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British Industrial History

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Radfords and Waddington

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1828.

of Manchester

Ironmongers and makers of steam engines, gas apparatus, weighing machines. Located at Hanging Ditch.

1808 Advertisement: 'Radfords and Waddington, Wholesale and Retail Ironmongers, Nail Manufacturers, Iron and Brass Founders, &c., Hanging Ditch and Scotland Bridge, Manchester, VERY gratefully acknowledge the many favours conferred upon them, more especially since their commencing the Foundery Business; and beg leave most respectfully to acquaint their Friends and the Public, that, in addition to their Models for Mill Work, &c. they have purchased ail the very valuable Wheel Patterns, which have been on the best principle, lately belonging to the Soho Foundery Company in this town ; forming together a most useful and extensive variety of Bevel, Spur, and Mitre Geer, which they do not hesitate to assert, are equal in point of Workmanship and Correctness any in the kingdom, printed lists of which are now ready for delivery.
R. & W. further beg leave to make this assurance, that no care or attention will ever be wanting in punctually and expeditiously executing whatever commissions may be entrusted to them.
Constantly ready for Sales, at their Warehouse, in Hanging Ditch, an elegant assortment of Register Grates, with Fire Irons and Fenders to suit; also Bath Stove, Forest, and Rumford Grates, Kitchen Ranges, Ovens, Boilers, &c. Money Chests and Bookcases, Stoves of a much-improved construction, Patent Mangles, Patent Smoke Dispersers, for the prevention of that great evil : Smoky Chimnies, &c. &c.'[1]

1817 Advert: 'IRON FOUNDERY, &c. To be SOLD by AUCTION, By Mr. Goodier, On Thursday the 20th day of March, 1817, at the White Bear Inn, in Manchester, in the county of Lancaster, precisely at 6 o'clock in the evening, subject to such Conditions as will be then and there produced;
Lot 1. All that moiety or equal half-part or Share of and in all that large MESSUAGE DWELLING-HOUSE, situate near Scotland Bridge, in Manchester aforesaid, called Horrocks-croft. Together also with part of the Garden to the front of the said Messuage. And of and in all that other Messuage or Dwelling-house, now used as a Store-house, adjoining the Messuage or Dwelling-house, herein beore described.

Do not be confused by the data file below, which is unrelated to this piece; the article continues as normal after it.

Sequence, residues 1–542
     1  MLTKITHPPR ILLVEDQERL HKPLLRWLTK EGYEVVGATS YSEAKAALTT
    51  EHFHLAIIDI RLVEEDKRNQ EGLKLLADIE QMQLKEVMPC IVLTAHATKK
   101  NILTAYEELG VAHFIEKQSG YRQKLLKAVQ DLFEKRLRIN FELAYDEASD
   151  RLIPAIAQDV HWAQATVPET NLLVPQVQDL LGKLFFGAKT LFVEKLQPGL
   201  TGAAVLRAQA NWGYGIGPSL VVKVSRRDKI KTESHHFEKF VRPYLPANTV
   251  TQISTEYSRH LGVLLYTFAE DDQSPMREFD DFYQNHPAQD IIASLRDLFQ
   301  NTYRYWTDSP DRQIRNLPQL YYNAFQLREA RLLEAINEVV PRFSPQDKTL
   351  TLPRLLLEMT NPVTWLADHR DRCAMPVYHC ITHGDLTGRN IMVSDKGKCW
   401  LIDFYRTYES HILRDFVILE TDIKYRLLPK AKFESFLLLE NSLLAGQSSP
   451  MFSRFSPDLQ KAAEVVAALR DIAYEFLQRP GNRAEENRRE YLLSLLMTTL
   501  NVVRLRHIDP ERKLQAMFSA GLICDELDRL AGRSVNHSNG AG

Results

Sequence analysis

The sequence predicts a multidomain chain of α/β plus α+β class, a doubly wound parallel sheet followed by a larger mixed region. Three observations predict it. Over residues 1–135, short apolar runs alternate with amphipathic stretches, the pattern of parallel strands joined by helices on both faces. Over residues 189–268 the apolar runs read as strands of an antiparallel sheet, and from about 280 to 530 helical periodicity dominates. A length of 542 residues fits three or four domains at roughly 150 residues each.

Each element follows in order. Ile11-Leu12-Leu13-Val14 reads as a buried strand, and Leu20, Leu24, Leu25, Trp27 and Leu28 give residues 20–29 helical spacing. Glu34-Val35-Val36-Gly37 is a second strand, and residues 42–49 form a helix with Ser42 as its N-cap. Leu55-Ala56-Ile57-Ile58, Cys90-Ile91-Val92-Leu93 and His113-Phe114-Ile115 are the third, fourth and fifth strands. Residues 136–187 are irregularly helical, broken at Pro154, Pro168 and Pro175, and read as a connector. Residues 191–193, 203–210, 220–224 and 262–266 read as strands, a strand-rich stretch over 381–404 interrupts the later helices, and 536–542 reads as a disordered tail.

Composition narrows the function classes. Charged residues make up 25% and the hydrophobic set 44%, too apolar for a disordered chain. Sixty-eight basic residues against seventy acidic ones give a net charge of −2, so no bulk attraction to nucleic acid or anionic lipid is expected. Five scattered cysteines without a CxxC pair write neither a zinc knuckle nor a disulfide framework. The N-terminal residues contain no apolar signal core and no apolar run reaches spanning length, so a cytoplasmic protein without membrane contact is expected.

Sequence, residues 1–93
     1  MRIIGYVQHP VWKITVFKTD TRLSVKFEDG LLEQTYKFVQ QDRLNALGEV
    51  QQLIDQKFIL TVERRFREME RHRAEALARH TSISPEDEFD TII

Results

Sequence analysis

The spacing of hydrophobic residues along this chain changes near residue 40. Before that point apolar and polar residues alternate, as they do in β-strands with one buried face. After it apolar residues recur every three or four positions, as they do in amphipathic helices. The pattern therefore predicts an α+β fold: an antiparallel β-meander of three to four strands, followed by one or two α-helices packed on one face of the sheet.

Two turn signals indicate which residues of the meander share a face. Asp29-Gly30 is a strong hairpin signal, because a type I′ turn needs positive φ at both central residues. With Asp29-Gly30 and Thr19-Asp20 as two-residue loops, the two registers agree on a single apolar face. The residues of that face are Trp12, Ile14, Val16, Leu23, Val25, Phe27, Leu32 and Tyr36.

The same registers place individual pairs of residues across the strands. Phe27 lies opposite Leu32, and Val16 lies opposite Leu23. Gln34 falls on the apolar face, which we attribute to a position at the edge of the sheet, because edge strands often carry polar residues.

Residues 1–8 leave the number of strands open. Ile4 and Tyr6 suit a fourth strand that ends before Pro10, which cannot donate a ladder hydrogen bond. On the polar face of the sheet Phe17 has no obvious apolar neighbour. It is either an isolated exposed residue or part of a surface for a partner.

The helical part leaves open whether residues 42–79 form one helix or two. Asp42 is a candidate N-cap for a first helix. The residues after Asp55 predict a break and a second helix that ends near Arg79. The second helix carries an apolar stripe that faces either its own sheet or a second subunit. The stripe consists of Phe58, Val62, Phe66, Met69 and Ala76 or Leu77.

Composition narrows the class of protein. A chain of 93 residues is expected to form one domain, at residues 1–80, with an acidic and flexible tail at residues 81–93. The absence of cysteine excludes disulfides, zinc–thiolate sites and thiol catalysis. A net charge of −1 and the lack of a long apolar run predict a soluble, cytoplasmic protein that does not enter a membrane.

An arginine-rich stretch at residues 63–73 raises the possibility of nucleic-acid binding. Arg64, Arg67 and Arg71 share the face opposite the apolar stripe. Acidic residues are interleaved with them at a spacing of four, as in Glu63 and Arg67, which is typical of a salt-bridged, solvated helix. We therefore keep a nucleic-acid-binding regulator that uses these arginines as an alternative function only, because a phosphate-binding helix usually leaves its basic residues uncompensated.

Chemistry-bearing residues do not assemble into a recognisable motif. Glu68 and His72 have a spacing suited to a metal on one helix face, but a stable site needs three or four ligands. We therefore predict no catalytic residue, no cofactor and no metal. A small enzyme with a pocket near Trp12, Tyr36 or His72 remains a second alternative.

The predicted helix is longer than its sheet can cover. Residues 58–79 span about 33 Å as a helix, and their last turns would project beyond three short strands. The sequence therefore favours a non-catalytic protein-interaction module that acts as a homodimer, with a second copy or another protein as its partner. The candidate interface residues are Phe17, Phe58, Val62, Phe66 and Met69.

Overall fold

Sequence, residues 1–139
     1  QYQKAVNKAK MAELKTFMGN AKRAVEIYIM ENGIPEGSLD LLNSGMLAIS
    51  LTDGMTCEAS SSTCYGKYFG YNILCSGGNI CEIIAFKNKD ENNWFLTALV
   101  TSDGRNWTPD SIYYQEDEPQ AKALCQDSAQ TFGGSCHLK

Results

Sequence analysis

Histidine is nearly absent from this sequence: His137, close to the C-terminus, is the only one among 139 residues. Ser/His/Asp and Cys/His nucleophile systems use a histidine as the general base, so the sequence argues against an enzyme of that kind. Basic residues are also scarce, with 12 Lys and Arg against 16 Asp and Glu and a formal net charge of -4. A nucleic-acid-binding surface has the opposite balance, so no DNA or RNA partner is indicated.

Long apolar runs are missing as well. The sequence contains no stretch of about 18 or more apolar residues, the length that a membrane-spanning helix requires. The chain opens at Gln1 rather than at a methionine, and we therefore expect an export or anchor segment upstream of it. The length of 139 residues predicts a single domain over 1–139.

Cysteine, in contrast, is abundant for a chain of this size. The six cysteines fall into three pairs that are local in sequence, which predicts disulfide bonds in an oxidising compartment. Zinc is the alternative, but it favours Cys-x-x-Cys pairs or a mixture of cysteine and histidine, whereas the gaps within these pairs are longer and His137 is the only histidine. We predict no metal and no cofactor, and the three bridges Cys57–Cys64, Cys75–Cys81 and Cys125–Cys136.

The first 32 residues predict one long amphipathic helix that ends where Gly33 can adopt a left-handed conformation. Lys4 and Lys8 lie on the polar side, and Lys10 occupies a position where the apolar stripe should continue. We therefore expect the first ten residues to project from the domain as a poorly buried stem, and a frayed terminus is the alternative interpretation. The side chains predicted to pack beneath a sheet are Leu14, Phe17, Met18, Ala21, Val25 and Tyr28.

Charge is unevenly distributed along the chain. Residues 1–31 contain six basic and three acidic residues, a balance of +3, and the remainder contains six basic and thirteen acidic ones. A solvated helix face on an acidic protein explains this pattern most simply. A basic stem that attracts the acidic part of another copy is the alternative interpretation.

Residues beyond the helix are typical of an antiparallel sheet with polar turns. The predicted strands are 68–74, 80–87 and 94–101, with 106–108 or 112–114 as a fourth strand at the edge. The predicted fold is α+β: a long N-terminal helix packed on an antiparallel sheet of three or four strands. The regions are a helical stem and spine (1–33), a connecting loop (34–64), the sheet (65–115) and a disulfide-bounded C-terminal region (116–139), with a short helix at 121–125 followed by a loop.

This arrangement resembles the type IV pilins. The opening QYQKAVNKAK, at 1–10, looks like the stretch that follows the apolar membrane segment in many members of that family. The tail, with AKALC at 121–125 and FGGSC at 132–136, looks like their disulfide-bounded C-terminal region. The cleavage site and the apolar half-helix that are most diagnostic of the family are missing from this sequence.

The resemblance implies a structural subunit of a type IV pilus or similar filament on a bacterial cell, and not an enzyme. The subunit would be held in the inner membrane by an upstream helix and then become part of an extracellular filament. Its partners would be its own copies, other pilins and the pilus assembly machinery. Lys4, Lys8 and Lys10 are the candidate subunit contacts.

And of and in all those several Sheds, with the yard thereunto adjoining. And and in all that Iron Foundery, situate, standing and being at or near Scotland Bridge aforesaid, and commonly called or known by the name of The Manchester Old Iron Foundery ; with the Work Shops, Smithy, Air Furnaces, Stoves, Cupola, and other Chimnies, &c. and Stable thereunto belonging.
And of and in all the vacant Land lying on the westerly side of the said Foundery, used as Yard and usually occupied and enjoyed therewith. And and in all that piece or parcel of vacant Land, situate, lying and being, on the northerly side of the last mentioned Hereditaments, and usod and occupied a Yard along with the said Iron Foundery. And of and in all that other vacant plot of Land, situate, lying and being on the northerly side of the said last mentioned plot of Land, now or lately used a garden. All which said premises are now the occupation of Messrs Radford and Waddington as tenants therereof, of their undertenants.
Lot 2. All that Moiety, or equal half part share and all or Dwelling-house, Drying-house Stove, and Dye-house, situate near to or adjoining the said Iron Foundery, now in the occupation of Mr. John Frith, as tenant thereunto, or his undertenants. The whole of the above Premises is Freehold, subject to the payment of two Rents of and £30 and £9 9 7, a part of which will be apportioned at the time of Sale of each Lot. Further particulars may be had,....'[2]

Supplied a steam engine to William Cooke's calico printing mill at Micklehurst Vale, Cheshire [3]

In the 1828 - 1829 Pigot Directory Radfords & Waddington are listed as Engine Makers (steam), of Waterloo Foundry, David Street, Manchester. The 1849 OS map [4] shows the foundry entrance to be at the end of Waterloo Street, off David Street (which led from Portland Street to the Rochdale Canal). The foundry backed on to a branch of the Rochdale Canal, this branch also serving the Globe Iron Works, Dickinson Street Mill, and David Street Mill. The site of the foundry was later occupied by Bloom Street Power Station.

1828 See advert illustration. Addresses: Hanging Ditch and David Street (foundry)

The 1841 directory shows that the Waterloo Foundry's owners were Radford & Co. The directory included a Joseph Radford, Iron Founder, whose home was at 15 Great John Street.

1838 Radfords and Co made cast iron beams for Ancoats Street Bridge over the Rochdale Canal. [5]

See Also

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Sources of Information

  1. Manchester Mercury, 24th May 1808
  2. Manchester Mercury - Tuesday 25 February 1817
  3. Advertisment for sale of mill, in the Manchester Courier and Lancashire General Advertiser, 10th May 1828
  4. The Godfrey Edition Old Ordnance Survey Town Plans: Manchester Sheet 33: ‘Manchester (Oxford Street & Gaythorn) 1849‘: [1]
  5. Photo of name on Ancoats Street Bridge casting [2]